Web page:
Fall into Birding

Spend the season exploring the BC Bird Trail

By Summer Konechny and Erin Jackson

Fall isn’t the only thing in the air. This season, head for the trees, wander BC’s shorelines and riverbanks and look to the skies to marvel at the thousands of birds travelling the expansive Pacific Flyway between the Arctic and South America.

Not sure where to start? The BC Bird Trail highlights some of the best birdwatching spots across British Columbia, with information on what species to look out for each season as well as places to eat, stay, shop and play along its self-guided trails.

From the new Columbia Valley Bird Trail to the Central Vancouver Island Bird Trail, with the South Fraser Bird Trail and Fraser Valley Bird Trail between, you can bird in your own backyard or make it a staycation.


Keep reading for some of the best spots to see our feathered friends near you!

American kestrels, North America’s littlest (but no less fierce) falcon, migrate south in the fall to overwinter in warmer climates. BC Bird Trail/Christina Schulz photo.

NEW: Columbia Valley Bird Trail

New this year, you can find the Columbia Valley Bird Trail between the Canadian Rockies and the Purcell Mountains, spanning the vast wetlands bordering the Upper Columbia River. Here, on the traditional land of the Ktunaxa, Okanagan and Shuswap peoples, the towns of Golden, Cranbrook, Radium, Invermere and Kimberley offer boundless opportunities for birding.

With the arrival of fall, listen for the sounds of songbirds and warblers echoing through the valley as they prepare for their long trip south for the winter. Expect to see various raptors and waterfowl, the regal trumpeter swan and maybe even the pink belly of a lewis’s woodpecker while the last bit of warmth hangs in the air.

The trumpeter swan is North America’s heaviest flying bird. With adult males weighing over 25 pounds, these elegant waterfowl require a 100-metre “runway” for takeoff. Timothy Abraham photo.

Where to go:

The quaint town of Cranbrook—a little mountain town in southeastern BC surrounded by bountiful lakes, marshland, rivers and forests—anchors the Columbia Valley Bird Trail in the south. At the western edge of town, 5.9-hectare Elizabeth Lake Bird Sanctuary hosts a number of animal species—from western painted turtles to both migratory and resident birds.

The Cranbrook Community Forest, northeast of town, has more than 100 kilometres of trails with ample opportunities for bird sightings. At the northeast corner of the Community Forest, follow the Eagle Hill Lookout along an old rail bed to catch views of Mount Fisher, the Steeples Mountains and the great Canadian Rockies along with a number of bird species.

Just north, off of Highway 95A (Kimberley Highway), enjoy more birdwatching along the easy two-kilometre hike at Wycliffe Buttes on foot, bike, horseback or even snowshoes.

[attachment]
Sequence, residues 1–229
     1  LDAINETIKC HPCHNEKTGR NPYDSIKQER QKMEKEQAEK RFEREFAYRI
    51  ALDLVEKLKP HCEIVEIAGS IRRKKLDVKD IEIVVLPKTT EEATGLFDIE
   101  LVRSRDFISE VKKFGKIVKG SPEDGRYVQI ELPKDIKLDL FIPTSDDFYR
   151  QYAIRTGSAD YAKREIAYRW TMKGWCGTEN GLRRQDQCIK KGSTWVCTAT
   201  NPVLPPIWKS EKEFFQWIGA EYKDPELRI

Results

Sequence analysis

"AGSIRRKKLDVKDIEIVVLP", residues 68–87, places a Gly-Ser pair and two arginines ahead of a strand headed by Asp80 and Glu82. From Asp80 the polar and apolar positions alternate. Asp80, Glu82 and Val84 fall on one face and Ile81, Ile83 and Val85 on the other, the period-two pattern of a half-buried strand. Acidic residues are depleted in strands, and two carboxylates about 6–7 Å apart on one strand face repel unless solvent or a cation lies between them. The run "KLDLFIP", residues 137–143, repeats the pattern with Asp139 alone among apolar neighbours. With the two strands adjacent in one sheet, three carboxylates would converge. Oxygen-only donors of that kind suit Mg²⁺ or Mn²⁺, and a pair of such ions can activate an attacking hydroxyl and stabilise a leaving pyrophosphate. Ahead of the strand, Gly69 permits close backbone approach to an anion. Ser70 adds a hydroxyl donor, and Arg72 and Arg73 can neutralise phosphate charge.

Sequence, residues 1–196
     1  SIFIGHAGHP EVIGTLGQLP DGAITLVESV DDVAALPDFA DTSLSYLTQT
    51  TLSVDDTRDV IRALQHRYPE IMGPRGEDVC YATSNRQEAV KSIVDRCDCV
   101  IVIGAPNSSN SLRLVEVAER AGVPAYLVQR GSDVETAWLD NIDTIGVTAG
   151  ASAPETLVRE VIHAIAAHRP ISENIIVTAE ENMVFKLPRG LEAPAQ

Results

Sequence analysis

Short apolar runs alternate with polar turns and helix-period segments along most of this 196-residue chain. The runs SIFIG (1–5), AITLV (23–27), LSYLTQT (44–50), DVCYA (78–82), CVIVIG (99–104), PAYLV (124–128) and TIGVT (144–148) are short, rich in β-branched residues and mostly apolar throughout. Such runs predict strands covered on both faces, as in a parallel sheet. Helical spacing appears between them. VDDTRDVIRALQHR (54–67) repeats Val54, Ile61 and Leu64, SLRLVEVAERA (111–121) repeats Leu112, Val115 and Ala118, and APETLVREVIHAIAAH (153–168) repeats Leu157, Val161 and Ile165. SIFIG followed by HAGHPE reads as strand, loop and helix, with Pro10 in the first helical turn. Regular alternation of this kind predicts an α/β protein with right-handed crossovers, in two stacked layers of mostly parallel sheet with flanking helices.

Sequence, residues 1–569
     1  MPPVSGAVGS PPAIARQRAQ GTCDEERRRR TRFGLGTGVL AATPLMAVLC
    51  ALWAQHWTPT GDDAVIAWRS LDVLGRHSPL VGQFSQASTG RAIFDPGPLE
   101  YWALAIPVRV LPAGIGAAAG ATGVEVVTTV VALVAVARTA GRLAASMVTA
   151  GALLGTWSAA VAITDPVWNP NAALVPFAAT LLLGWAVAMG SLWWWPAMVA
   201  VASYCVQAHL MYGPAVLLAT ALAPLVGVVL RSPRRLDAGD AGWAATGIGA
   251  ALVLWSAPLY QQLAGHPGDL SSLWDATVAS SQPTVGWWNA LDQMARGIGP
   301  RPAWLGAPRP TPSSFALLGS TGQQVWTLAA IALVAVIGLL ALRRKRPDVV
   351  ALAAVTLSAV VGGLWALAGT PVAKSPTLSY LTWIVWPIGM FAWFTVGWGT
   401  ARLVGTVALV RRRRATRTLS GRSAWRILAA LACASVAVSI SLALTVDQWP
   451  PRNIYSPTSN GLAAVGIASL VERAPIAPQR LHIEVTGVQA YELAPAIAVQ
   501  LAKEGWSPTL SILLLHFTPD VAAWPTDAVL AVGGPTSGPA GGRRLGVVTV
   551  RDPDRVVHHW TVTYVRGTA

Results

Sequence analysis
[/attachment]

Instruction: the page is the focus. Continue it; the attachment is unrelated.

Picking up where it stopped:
Look for bald eagles perched in trees or soaring high above lakes, rivers, wetlands and along the coast. Shayne Kaye photo.

Just north of Cranbrook, Kimberley is home to the biggest cuckoo clock in Canada and some of the best birding in the province.

Keep watch as you traverse the 28-kilometre North Star Rails 2 Trails, a paved, multi-use trail connecting Cranbrook and Kimberley. Immerse yourself in the Canadian wilderness at Kimberley Nature Park, BC’s largest municipal park, which shelters nearly 100 species of birds, some year-round. Lace up your boots and enjoy the scenic hiking or single- and double-track mountain biking trails of the Lois Creek Trail System. Or, for a little stroll with big views, head to Marysville Falls, where a short boardwalk path leads to a 30-metre waterfall.

See if you can spot the red-tailed hawk circling the Kootenay skies. Joshua J. Cotten photo.

As you meander north along the Columbia River, stop in Canal Flats to wander the two-kilometre Source of the Columbia River Trail and scenic Tilley Memorial Park, before exploring the neighbouring towns of Invermere and Radium Hot Springs. Here you’ll see a variety of birds common to the Pacific Flyway, plus those that are found in the Rockies and farther east into the Prairies.

Birders can admire shorebirds and waterfowl at Dorothy Lake, located at the edge of Invermere’s Kinsmen Park, and walk the interpretive boardwalk trail at James Chabot Provincial Park. Near Radium, choose from the 3.7-kilometre Wilmer Wetlands Hiking Trail and three-kilometre Lower Bugaboo Falls trail—both relatively easy with some steep sections—or opt for the longer Old Coach Trail (nine kilometres one way).

Find more birding hot spots and the seasonal stars here.

Farther north on the Columbia Valley Bird Trail, you’ll find Golden. Only an hour from Banff, Alberta, this is the heart of the parks—a bustling mecca of outdoor recreation enveloped by stunning mountain ranges.

At Confluence Park, aptly named for its location where two historic rivers meet (the Columbia and the Kicking Horse), you’ll find a short trail with views of the wetlands and forested riverbanks. For a view of the Columbia Mountains, head to Reflection Lake just south of town and follow the trails and information boards to discover the diverse wildlife and waterfowl that call this refuge home. Before you go, spread your wings (or stay firmly grounded and take in the views) at the Mount 7 Paragliding and Hang Gliding site.

Find out what birds to look out for along the way here.